Adult Learning in Decline? Recent Evidence at UK National and City-Region Level

This paper draws on analysis of Labour Force Survey data and a newly-constructed dataset for 44 British city-regions to examine recent trends in adult learning,
including participation in a wide variety of education activities – both vocational and leisure-related in nature – as well as in job-related training.

It finds that in 2002 some 33% of all people aged 25-59 participated in formal education, job-related training or leisure education, or some combination of these
activities. This represented an increase from 29% in 1999. However, by 2009 this proportion had declined to 31%. All three components of the combined measure of adult learning contributed to this decline but the steepest fall occurred in the proportion engaged in leisure or similar education.

Falling participation in different forms of adult learning represents a setback for recent government policy aimed at promoting lifelong learning. The decline has
primarily involved people aged between 30 and 49 and those classified as unemployed or economically inactive. Although better-qualified people are still more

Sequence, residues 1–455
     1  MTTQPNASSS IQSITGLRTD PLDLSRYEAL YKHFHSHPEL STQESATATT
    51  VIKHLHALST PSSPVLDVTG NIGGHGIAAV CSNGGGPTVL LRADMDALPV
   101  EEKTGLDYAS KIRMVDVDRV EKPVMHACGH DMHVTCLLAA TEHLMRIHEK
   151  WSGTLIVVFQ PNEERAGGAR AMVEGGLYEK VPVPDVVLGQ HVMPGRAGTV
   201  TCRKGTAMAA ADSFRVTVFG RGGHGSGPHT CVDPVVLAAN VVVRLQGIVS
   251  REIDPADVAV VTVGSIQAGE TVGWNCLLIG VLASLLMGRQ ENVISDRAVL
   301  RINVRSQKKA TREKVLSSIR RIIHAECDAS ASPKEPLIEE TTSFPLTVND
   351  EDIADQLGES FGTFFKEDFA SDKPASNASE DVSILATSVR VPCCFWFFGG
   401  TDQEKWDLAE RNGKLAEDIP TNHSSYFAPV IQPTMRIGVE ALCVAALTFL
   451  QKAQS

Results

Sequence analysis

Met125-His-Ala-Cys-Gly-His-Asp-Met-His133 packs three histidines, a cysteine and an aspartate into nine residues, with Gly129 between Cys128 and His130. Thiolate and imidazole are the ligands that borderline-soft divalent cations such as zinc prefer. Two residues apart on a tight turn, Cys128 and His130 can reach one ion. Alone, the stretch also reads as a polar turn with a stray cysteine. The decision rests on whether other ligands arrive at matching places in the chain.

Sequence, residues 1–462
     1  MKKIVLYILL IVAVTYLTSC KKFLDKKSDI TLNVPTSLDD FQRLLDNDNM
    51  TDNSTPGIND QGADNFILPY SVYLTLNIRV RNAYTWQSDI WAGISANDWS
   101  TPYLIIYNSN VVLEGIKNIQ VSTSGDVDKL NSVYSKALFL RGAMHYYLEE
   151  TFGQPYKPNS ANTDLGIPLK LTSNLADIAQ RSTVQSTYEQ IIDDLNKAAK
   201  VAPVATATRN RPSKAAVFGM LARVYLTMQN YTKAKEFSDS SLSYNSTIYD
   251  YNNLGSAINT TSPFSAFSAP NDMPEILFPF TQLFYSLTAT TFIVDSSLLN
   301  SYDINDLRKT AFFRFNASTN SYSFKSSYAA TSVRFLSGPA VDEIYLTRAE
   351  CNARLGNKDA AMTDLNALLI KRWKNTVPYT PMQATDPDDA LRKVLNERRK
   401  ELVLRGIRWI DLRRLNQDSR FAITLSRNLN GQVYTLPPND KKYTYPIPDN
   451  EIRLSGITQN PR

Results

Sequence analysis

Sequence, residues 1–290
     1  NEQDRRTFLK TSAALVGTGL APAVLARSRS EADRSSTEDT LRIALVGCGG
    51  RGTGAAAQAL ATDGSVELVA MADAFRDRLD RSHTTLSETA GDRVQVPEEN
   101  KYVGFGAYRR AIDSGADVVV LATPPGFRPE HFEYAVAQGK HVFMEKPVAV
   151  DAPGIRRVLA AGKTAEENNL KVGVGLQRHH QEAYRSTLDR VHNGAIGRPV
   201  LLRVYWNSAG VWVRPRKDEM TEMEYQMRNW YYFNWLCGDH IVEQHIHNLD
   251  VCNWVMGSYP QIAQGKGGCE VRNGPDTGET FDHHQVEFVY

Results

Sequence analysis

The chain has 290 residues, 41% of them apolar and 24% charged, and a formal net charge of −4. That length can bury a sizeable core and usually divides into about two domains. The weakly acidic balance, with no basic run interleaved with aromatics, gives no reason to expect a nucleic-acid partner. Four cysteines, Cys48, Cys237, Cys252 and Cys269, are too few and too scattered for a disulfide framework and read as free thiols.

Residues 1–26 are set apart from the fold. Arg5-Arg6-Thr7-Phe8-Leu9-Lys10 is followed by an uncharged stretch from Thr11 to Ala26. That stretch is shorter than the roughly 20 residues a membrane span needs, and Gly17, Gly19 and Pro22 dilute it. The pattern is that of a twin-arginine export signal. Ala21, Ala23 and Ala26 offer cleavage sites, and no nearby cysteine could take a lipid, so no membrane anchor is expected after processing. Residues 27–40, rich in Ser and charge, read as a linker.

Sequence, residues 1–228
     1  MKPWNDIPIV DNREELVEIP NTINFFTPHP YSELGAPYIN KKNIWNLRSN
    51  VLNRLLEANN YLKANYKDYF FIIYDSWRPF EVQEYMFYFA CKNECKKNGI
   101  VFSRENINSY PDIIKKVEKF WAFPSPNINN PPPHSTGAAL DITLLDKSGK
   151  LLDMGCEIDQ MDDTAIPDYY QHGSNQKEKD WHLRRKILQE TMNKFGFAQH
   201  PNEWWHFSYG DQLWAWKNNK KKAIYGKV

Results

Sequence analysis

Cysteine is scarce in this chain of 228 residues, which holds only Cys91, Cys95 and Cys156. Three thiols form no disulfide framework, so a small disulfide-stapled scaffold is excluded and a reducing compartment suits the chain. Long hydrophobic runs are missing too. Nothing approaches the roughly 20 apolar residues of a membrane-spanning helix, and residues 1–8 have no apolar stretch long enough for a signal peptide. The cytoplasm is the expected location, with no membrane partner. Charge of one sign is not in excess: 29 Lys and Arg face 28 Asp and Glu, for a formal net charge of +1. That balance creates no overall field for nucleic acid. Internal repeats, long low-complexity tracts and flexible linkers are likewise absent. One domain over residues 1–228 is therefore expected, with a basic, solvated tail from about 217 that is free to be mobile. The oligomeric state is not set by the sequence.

likely than low-qualified people to engage in adult learning, the probability of engaging in such learning has also declined for all qualification groups at NVQ2 and above in recent years.

The analysis also reveals sharp regional inequalities in adult participation in training. In some city-regions job-related training rates for 25-59 year olds are three
times higher than in other areas. These disparities in adult training rates are mirrored by equally large gaps between city-regions in employment rates and skill
levels. Adult training rates at city-region level are strongly positively related to the proportion of the workforce with high-level skills (NVQ Level 4 or above). Adult training is also positively influenced by the share of financial and business services in employment and the annual growth rate in the population of working age (which captures the net effects of changes in age structure and migration into city-regions). By contrast, adult training rates at city-region level tend to be lower, the larger is the share of older people (aged 50-retirement) in the total workforce. The large differences in adult training rates between city-regions have not diminished in recent years even though gaps in employment rates and skill levels have narrowed to some extent. These regional disparities in training rates compound the problems faced by government policy-makers in their efforts to encourage adult skills upgrading.